Personal Finance: Beware tactical funds
News from Philadelphia Inquirer:

Are you having a difficult time committing?

I’m talking about making up your mind whether to choose stocks or bonds, or a certain variety of one of them. After the battle scars of the last few years, it’s not surprising people would be second-guessing their choices.

And after a 7 percent increase in the stock market as of mid-February, the fear of plopping new money into stocks just in time to lose in them again might be dreadful.

That’s why investors are drawn to a relatively new type of fund called “tactical allocation funds.” With these, you give the fund manager the discretion to move around quickly, maybe buying large-company stocks one day when he sees opportunity but selling them shortly thereafter if he spots a threat or a better opportunity.

Not all tactical funds have choices that broad, but some do. The key with all tactical funds is that you give your fund manager the freedom to decide at any moment that he wants to buy a lot of something and none of something else. You do not tie his or her hands the way you do in most mutual funds by telling the manager precisely what type of investment to buy.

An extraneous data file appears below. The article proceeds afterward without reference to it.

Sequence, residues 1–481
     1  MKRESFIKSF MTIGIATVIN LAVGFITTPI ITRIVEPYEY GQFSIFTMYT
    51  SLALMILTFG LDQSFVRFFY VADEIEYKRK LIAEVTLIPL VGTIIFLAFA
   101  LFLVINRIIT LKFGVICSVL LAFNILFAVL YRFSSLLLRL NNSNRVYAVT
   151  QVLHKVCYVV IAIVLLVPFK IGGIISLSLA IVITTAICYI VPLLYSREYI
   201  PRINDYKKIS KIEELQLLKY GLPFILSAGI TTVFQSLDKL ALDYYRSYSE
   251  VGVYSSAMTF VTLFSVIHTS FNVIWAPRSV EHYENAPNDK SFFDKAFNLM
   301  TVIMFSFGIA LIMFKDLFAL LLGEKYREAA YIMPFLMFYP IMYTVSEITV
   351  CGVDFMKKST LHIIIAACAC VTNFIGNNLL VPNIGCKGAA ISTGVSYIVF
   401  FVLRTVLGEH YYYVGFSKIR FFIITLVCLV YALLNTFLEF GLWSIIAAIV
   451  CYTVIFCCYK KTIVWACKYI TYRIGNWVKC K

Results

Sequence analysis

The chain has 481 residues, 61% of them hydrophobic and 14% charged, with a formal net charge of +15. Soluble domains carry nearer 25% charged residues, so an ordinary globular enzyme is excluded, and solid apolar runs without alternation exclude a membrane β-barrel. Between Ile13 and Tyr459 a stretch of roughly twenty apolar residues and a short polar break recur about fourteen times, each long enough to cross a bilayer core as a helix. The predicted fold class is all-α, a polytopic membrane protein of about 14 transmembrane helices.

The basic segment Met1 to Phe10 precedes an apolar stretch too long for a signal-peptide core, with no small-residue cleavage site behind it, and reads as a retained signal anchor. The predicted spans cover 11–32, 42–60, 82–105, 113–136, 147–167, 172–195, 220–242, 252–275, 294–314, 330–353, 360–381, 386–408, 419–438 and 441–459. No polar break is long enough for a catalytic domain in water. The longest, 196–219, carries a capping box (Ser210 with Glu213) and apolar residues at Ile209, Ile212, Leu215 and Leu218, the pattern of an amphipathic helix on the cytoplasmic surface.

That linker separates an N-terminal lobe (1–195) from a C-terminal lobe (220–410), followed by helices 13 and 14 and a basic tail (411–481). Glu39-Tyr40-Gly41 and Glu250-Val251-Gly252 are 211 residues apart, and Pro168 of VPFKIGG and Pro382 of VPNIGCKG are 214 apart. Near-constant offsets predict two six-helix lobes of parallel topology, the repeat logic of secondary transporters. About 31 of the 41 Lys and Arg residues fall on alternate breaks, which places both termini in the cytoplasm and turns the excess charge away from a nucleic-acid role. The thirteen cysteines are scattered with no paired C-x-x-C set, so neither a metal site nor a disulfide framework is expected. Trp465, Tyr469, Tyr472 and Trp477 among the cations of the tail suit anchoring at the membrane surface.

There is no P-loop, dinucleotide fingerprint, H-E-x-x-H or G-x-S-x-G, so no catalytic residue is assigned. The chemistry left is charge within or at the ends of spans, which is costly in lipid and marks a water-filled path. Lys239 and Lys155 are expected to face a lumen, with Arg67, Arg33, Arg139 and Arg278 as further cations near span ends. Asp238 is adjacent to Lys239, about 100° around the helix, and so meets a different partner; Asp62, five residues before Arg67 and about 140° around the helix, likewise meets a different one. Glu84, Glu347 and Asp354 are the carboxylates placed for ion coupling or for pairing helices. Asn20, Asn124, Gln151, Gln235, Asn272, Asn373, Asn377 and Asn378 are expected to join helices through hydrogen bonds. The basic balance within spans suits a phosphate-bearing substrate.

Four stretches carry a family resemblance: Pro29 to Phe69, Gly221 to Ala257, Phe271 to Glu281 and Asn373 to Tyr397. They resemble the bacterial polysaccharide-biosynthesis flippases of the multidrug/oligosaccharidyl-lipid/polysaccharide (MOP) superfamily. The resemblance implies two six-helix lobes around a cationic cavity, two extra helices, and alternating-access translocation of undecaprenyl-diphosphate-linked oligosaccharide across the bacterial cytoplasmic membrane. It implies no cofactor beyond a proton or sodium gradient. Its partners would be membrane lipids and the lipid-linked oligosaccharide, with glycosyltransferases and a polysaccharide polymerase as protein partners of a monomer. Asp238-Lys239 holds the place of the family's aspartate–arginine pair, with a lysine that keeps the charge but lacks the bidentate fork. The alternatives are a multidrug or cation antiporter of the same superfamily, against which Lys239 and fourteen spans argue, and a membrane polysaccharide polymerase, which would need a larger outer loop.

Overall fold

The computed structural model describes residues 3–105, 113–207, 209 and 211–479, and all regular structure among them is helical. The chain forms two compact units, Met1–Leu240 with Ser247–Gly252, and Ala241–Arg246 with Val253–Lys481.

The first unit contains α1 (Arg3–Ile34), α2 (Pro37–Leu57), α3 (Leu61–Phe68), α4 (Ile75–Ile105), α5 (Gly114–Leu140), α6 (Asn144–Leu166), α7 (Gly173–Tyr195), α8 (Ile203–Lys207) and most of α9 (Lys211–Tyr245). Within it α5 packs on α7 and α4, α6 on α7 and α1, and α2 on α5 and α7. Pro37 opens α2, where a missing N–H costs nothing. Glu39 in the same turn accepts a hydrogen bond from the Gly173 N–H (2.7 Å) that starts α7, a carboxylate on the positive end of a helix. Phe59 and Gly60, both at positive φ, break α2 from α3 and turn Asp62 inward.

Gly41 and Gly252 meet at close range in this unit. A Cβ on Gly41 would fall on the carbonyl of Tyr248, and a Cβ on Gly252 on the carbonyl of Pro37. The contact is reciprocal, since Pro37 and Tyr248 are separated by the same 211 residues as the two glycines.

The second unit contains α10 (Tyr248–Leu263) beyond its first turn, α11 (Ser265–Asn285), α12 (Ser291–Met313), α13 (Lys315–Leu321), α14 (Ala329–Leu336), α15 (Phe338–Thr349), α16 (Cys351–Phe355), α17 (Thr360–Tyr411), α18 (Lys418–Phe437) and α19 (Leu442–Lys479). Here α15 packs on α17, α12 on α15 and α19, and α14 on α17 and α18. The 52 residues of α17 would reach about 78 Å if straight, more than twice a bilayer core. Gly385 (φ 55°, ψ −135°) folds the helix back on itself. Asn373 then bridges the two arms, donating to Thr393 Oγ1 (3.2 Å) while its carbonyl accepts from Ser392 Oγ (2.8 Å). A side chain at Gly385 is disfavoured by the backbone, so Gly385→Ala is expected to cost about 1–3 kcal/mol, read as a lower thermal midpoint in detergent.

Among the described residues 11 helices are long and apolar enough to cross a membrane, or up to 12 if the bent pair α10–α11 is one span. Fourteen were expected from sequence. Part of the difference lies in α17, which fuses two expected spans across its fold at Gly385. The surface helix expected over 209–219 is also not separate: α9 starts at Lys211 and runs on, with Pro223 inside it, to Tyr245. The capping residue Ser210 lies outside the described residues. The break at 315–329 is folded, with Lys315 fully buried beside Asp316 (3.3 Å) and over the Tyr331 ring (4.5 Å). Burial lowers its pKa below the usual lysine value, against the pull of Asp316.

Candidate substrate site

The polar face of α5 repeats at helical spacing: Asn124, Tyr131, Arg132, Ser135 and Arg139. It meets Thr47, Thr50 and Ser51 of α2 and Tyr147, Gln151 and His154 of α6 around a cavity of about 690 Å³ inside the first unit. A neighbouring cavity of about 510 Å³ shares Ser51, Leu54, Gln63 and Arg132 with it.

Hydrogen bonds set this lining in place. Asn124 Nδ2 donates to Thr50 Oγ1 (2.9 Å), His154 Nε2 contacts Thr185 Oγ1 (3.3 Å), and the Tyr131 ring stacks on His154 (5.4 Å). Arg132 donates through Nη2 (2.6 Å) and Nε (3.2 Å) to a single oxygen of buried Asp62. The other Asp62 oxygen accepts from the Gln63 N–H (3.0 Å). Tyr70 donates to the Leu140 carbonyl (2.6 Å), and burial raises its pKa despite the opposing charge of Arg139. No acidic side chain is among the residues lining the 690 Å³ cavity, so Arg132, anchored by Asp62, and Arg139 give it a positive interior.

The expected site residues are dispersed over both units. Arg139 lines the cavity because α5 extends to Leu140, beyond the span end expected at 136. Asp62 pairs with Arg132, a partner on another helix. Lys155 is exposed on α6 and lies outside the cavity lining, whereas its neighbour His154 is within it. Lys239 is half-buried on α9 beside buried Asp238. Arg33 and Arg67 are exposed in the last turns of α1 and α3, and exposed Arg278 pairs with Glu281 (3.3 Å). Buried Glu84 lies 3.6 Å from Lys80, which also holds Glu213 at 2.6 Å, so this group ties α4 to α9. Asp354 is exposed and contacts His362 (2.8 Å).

A different approach. The flexibility to hop around markets and to buy and sell quickly is supposed to serve you well. It’s supposed to save you when the market is about to tank, or place you at the fron…………… continues on Philadelphia Inquirer

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Personal Finance: Beware of phony debt collectors
News from Modesto Bee:

The calls went out by the millions to unsuspecting consumers across the country.

Phony debt collectors – based in Southern California and using call centers in India – demanded immediate payment on delinquent loans. Often posing as attorneys or law enforcement officials, they threatened consumers with lawsuits or arrests if payments weren’t made.

And they were highly effective. In 8.5 million calls tracked over four months in late 2010 by the Federal Trade Commission, the callers raked in more than $ 5 million in payments from intimidated consumers.

Have a personal finance question? Contact The Bee’s Claudia Buck at (916) 321-1968.

Only problem: Nobody owed them a dime.

The “phantom-debt” collection calls originated from two companies – American Credit Crunchers LLC and Ebeeze LLC, based in Orange County’s Villa Park. Last week, the FTC announced that both companies have been shut down by court order and their assets frozen while an investigation continues.

“This is a brazen operation based on pure fraud, and the FTC is committed to shutting it down,” said David Vladeck, director of the FTC’s Bureau of Consumer Protection, in a statement last week.

According to the FTC, the deceptive collection calls focused on payday loans, the short-term, high-interest loans that…………… continues on Modesto Bee

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